‘Star Trek: Picard’ starts second season on both personal and dramatic notes
Editor’s note: There are plot spoilers in this review, but not all is revealed.
Space, the final frontier, begins in Santa Ynez.
The rural community and its wine country serves as La Barre, France, in “Star Trek: Picard,” and that’s essentially where the first episode of the second season, which promises to be even more dramatic than the first one, begins.
The series streams Thursdays on Paramount+, and the season started last week.
In the new season’s first episode, viewers see Adm. Jean-Luc Picard (Sir Patrick Stewart) in his civilian clothes and cap, looking dapper and happy as he oversees the grape harvesting during scenes filmed at Sunstone Winery and its vineyard, not far from the Chumash Casino Resort. Winemakers and vineyard managers likely will be interested in seeing how traditional and futuristic techniques blend in the vineyard, thanks to the visual effects added to the picturesque backdrop of the Santa Ynez Valley.
There’s a great celebratory spirit in scenes with nice music and no dialogue. Then the deep conversations start in “Star Trek: Picard,” where Jean-Luc is being told he needs to stop procrastinating in matters of the heart.
The first episode succeeds on two levels. First, it goes right into Jean-Luc’s love life or lack of and why the brave space explorer and friend to everyone avoids romantic entanglements. That does, in fact, make him the polar opposite of one Capt. James T. Kirk, but neither of them scores high for long-term relationships.
Secondly, the second season premiere successfully sets the stage for universe-rocking drama. Nothing less than the future is at stake because someone or something is messing with the past and rewriting history.
And of course, only Jean-Luc Picard and his team can save everything and everyone.
This episode packs sentimental and dramatic punches. First off, Picard runs into his old friend Guinan (Whoopi Goldberg) at her Los Angeles bar, where the sign “10” is a reference to her old Ten Forward bar on the old Enterprise-D from “Star Trek: The Next Generation.” It’s one of the best scenes ever between the two characters, and Guinan tells Picard to stop making excuses and go after romance. The issue is timely because a woman has confessed her love for Picard. (That character’s name won’t be revealed in this review.)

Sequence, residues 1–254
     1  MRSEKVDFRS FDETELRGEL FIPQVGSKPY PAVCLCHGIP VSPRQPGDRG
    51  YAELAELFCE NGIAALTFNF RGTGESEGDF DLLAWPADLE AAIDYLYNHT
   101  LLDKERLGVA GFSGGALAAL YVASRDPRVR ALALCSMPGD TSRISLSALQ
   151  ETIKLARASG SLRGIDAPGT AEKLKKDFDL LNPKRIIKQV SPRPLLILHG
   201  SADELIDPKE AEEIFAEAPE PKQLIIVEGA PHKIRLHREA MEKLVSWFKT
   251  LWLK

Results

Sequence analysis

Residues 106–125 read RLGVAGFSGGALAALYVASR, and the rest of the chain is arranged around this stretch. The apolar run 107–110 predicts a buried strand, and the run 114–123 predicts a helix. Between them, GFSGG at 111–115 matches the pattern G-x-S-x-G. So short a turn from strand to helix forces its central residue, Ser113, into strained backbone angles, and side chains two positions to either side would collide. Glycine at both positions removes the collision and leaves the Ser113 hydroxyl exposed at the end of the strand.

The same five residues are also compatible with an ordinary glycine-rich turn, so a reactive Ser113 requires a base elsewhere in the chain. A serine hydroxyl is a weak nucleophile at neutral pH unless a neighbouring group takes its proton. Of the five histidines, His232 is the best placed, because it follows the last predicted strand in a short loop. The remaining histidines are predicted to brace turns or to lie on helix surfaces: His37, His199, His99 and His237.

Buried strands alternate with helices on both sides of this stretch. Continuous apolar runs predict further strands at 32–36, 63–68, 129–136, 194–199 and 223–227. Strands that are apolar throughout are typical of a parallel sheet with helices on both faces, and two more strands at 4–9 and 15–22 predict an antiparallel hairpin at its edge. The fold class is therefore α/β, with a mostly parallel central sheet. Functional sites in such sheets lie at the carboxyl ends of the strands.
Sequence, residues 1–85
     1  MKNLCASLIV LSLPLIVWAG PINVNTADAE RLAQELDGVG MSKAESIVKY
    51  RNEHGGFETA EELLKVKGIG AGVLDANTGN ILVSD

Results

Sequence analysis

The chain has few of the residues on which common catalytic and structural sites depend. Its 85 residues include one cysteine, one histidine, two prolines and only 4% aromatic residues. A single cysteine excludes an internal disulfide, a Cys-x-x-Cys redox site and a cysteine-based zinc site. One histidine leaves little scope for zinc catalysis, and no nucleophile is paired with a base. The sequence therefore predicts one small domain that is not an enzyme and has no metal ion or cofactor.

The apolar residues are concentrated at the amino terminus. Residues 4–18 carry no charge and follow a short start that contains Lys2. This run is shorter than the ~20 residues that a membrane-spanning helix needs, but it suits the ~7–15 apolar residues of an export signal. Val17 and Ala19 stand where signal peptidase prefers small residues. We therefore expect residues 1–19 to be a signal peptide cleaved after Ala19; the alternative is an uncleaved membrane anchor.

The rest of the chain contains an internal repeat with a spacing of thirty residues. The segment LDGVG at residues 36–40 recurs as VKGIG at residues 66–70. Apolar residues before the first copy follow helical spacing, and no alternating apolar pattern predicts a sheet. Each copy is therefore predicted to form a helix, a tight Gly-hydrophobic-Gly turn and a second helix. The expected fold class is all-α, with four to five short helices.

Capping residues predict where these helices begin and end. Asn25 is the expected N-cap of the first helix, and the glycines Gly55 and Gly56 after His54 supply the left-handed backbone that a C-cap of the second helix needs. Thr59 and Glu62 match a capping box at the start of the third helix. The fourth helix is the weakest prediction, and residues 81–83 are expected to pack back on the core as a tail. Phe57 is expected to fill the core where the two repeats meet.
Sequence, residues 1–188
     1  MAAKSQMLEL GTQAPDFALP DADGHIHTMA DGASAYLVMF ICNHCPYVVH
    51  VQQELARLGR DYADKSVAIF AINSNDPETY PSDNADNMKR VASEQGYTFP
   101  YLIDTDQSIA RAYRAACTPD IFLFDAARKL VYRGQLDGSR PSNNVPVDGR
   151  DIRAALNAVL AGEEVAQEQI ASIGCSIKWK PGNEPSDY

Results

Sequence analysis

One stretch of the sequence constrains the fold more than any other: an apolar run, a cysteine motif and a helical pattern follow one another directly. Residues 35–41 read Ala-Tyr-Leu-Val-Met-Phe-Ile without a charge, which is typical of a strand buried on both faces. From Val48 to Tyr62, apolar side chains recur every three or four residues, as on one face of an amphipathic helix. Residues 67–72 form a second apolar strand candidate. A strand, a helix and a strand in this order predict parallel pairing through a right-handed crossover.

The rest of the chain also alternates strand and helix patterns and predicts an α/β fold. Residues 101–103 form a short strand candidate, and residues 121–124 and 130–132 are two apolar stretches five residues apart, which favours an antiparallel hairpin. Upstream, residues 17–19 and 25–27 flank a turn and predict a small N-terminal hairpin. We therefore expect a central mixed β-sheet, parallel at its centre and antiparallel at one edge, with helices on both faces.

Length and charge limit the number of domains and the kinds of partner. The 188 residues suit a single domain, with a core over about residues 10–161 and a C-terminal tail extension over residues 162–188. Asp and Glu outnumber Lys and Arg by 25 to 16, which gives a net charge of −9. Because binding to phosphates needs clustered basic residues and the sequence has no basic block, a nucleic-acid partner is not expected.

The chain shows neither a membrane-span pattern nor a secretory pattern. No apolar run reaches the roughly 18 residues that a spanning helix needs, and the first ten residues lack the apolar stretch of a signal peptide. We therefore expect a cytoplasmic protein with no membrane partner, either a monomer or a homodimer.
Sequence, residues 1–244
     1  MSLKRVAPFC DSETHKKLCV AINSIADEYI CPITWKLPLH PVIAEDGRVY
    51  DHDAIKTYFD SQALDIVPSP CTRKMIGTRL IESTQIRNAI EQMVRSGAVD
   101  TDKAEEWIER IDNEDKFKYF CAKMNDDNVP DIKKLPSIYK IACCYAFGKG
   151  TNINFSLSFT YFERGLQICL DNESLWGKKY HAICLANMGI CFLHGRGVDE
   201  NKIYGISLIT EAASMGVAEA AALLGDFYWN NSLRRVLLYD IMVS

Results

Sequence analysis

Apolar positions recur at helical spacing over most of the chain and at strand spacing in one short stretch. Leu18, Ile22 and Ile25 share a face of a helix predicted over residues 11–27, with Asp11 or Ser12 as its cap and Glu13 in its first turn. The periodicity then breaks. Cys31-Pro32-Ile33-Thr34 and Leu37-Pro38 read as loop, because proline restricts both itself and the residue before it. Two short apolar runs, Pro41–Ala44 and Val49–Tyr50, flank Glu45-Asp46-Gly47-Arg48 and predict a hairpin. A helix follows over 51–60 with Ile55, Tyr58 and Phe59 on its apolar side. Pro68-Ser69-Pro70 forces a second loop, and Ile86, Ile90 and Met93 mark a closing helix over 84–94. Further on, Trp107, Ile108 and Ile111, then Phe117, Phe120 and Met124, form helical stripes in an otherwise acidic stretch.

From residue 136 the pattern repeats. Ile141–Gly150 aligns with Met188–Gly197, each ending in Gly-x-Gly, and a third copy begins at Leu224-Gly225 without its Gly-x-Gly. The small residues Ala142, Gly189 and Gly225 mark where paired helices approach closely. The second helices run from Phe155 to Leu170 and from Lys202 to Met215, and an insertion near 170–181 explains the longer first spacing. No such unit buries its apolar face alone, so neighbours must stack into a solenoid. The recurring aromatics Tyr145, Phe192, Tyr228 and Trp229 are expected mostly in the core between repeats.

Picard thinks he just wants to be friends because heck, he’s almost a century old, It’s too late for love at his age!
Or so he thinks.
But before he can examine his heart too closely, the USS Stargazer and its captain, Chris Rios (Santiago Cabrera), need Picard aboard fast to deal with a space anomaly. Only Picard can help Capt. Rios, who captained last season’s ship for Picard and his motley crew. Two other members of that crew — Seven of Nine (Jeri Ryan) and robotics scientist Dr. Agnes Jurati (Alison Pill) — are on the bridge too, and that’s where things get exciting and troublesome. Red alert!
At some point in this episode — and it won’t be spoiled here — Jean-Luc encounters an old frenemy: Q (the talented John de Lancie).
And that sets the stage for a season devoted to Picard and his friends going back to the 21st century to correct the timeline and save the future.
The drama is intense. The personal questions are deep. The plot twists are intriguing. The cast is talented, and Sir Patrick Stewart is brilliant as usual. And viewers get to catch up with Soji (Isa Briones), the synthetic lifeform and “daughter” of Data, who has found her place among the stars.
The episode’s only flaw is Picard being this uncertain about his emotions in the romance department at this point in his life. He’s better than that.
But there’s the promise he will deal with his personal issues and stop avoiding commitment.
Right after he saves the universe.